Saturday, May 31, 2008

Welcome Home Weekend

School is done, I've gotten my first grade/evaluation (Honors in Blue Collar Theology) and my beloved is thrilled to have me home for the summer. Up in the air is the question of whether I should get a summer job. The extra money would be nice in the face of alarming gas prices and ridiculously large child support payments. What is certain is that I will now have some time to unpack the house and read for frivolity's sake. We got the house-fixing-up underway with the deck...more on that later, though.

Friday night, J made me spaghetti with Italian sausage from the farmer's market. I puttered around unpacking some boxes in the kitchen while she cooked. We rounded out the night watching an Eddie Izzard special we just stumbled across on t.v. I am so glad Brendan & Laura introduced us to his work. He is screamingly funny and so smart. When J dozed off, I sneaked over to Larry King's interview with David Cook (and the other Idol contestants). When she awoke, she just rolled her eyes, unable to believe the monster my auntie has created. LOL!

Saturday morning, we lazed in bed, then hit the farmer's market and grocery store. We ran into an acquaintance from church and had a nice visit with her over the produce. It was time to start getting ready for the big night out when we returned, so we quick put away food and started showers. I got all gussied up in a grey skirt and grey velvet blazer while J wore a button-down with black velvet-trimmed jeans. She's gorgeous. We drove into Cleveland, through the crazy construction on Euclid, and pulled our little Hyundai up to the valet parking at Playhouse Square.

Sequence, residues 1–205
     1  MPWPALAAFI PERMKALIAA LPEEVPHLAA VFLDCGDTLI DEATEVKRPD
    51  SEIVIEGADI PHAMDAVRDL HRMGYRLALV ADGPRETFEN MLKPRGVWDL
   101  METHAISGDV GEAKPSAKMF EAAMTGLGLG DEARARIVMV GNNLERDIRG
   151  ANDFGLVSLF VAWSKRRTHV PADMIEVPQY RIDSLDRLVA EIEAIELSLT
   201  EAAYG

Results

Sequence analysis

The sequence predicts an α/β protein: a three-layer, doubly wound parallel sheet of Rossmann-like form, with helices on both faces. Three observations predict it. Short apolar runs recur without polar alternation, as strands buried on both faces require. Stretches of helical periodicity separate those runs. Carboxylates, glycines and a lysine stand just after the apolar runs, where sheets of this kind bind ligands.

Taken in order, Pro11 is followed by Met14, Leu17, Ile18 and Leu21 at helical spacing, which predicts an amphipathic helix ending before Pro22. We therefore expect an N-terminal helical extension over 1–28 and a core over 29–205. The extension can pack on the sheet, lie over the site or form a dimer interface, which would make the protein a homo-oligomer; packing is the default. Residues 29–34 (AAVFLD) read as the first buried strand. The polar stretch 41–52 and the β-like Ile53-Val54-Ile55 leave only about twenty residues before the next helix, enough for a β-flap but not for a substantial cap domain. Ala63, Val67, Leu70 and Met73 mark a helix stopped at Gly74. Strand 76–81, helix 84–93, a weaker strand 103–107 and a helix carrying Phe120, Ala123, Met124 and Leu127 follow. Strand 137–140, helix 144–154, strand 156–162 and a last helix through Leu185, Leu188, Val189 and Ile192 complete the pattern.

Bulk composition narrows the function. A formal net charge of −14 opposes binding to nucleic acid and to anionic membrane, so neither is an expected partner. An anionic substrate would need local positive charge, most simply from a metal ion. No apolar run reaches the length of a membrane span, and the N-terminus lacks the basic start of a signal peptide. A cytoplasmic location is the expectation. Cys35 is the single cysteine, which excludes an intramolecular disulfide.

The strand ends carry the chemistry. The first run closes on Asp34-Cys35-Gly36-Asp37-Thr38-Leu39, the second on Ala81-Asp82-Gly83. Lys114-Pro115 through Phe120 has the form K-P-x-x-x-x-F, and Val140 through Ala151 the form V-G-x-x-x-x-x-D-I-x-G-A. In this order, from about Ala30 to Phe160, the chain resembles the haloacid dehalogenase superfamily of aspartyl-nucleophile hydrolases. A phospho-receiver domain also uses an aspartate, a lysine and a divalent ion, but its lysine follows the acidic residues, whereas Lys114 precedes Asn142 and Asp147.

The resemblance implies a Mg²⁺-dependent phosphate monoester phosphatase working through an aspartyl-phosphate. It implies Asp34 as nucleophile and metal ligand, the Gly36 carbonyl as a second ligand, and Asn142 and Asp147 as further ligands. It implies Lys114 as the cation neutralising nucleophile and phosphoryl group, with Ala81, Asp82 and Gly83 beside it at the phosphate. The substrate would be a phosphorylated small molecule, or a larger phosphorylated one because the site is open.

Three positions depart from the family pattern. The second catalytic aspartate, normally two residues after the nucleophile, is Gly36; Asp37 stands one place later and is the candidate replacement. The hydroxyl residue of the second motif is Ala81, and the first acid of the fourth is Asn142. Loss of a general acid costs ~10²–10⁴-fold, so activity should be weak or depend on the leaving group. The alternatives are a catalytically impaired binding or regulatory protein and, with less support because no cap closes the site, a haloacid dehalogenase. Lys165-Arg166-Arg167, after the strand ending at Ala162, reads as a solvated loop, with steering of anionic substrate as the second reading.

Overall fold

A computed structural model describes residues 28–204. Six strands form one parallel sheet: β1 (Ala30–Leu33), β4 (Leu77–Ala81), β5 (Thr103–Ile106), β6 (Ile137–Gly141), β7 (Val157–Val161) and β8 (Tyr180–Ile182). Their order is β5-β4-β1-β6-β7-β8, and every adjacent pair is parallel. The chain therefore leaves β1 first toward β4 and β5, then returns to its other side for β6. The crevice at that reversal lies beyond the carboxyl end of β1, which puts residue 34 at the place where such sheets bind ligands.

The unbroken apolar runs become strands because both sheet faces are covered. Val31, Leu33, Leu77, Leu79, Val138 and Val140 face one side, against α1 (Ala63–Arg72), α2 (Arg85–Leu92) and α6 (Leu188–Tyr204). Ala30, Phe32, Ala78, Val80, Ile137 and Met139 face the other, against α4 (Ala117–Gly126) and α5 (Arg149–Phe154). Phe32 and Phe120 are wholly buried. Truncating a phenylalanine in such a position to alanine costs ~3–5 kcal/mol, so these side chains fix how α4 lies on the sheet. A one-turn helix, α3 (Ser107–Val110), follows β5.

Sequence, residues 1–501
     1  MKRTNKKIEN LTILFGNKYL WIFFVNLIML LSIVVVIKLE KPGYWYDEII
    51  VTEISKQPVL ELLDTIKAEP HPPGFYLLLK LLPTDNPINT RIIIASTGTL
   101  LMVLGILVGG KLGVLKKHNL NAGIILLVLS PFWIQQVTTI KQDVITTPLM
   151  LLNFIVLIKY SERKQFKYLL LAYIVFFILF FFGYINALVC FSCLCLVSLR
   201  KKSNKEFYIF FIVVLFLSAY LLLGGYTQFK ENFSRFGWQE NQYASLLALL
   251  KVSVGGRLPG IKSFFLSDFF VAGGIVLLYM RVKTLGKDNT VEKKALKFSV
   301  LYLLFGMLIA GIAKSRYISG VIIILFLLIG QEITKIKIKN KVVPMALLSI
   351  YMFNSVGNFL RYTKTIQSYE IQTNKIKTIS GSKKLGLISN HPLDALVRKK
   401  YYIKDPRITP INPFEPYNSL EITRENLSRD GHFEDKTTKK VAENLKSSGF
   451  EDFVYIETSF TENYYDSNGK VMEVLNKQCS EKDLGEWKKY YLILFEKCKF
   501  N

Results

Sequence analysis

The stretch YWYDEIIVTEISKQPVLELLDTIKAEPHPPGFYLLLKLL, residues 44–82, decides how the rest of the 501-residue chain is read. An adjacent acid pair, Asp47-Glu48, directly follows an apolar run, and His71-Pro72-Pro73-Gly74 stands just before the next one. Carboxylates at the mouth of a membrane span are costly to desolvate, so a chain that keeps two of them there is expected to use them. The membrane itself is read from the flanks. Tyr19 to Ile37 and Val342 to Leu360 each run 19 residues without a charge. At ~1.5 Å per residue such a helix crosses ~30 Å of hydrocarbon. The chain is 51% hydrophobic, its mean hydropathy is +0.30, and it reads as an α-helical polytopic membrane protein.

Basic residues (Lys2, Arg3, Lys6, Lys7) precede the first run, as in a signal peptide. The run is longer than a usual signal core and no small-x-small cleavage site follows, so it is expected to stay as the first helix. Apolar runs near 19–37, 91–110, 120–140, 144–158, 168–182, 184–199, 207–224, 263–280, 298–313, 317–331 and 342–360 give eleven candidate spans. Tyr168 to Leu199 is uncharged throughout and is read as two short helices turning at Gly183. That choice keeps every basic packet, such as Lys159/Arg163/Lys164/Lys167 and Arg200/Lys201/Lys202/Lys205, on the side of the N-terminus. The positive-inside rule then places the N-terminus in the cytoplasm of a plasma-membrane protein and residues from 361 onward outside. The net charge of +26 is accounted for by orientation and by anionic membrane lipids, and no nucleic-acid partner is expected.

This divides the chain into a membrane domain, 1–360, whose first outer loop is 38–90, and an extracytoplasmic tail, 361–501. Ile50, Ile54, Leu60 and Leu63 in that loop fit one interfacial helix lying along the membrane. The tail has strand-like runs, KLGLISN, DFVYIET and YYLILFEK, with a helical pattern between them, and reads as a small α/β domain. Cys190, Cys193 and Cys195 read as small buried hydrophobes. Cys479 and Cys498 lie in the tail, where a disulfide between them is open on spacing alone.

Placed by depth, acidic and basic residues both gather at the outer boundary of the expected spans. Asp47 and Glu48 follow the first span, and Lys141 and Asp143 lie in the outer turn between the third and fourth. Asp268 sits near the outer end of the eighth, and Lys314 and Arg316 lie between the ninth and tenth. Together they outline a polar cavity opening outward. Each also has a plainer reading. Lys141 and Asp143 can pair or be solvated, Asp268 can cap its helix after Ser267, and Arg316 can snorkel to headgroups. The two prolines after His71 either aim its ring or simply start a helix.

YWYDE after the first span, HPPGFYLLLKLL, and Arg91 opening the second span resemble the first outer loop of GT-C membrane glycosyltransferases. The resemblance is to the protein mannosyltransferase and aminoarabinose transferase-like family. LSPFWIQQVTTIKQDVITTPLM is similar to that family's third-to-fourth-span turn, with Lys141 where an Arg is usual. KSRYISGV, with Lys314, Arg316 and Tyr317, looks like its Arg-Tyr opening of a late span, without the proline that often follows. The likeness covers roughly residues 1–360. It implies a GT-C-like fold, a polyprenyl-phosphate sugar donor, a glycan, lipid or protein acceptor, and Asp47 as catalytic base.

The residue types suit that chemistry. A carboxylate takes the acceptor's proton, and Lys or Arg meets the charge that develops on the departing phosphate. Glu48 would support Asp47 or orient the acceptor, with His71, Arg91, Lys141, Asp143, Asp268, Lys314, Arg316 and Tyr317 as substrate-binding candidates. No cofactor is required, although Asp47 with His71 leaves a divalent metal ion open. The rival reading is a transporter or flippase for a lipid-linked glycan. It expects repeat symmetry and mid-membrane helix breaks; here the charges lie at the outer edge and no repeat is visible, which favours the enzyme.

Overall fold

We were right on time for our reservation at Star at Playhouse Square, probably our last big restaurant splurge for awhile and well worth it. It was our first time dining there. Spurred on by Paula Deen-induced brie lust, we chose the baked brie with chutney and cinnamon toasts for our appetizer. I'm not a mixing-the-fruit-in-with-the-cheese guy and much prefer my brie melty & glorious in unadorned stinkiness. My wife, on the other hand, melts herself when the fruit mars the cheese perfection, so she was in heaven. I found it quite tolerable considering and the delicately crunchy little toasts were a delight. The Riesling was quite nice and I've forgotten what kind it was! Too long since I've done any real reviews, clearly. That would be a nice gig to follow my recent piece on Miami for Everywhere magazine. Anyway, we each chose the Maytag-crusted beef tenderloin for our entrée. It was a perfect medium-rare, hard to come by these days. The crust was thick and tangy, a perfect complement to the beef. The accompanying mashed potatoes weren't as good as mine, but with steak like that, who needs sides? The mint chip ice cream and the lovely sorbets were incredibly tempting, but I didn't feel like sitting through a show with an overly full belly, so I will be making us some espresso ice cream with chocolate-covered espresso beans this week instead. Thank you, Ina Garten.